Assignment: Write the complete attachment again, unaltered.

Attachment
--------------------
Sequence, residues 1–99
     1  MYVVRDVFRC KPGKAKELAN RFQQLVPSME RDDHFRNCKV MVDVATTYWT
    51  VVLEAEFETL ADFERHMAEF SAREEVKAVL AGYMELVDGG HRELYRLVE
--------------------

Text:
Sequence, residues 1–99
     1  MYVVRDVFRC KPGKAKELAN RFQQLVPSME RDDHFRNCKV MVDVATTYWT
    51  VVLEAEFETL ADFERHMAEF SAREEVKAVL AGYMELVDGG HRELYRLVE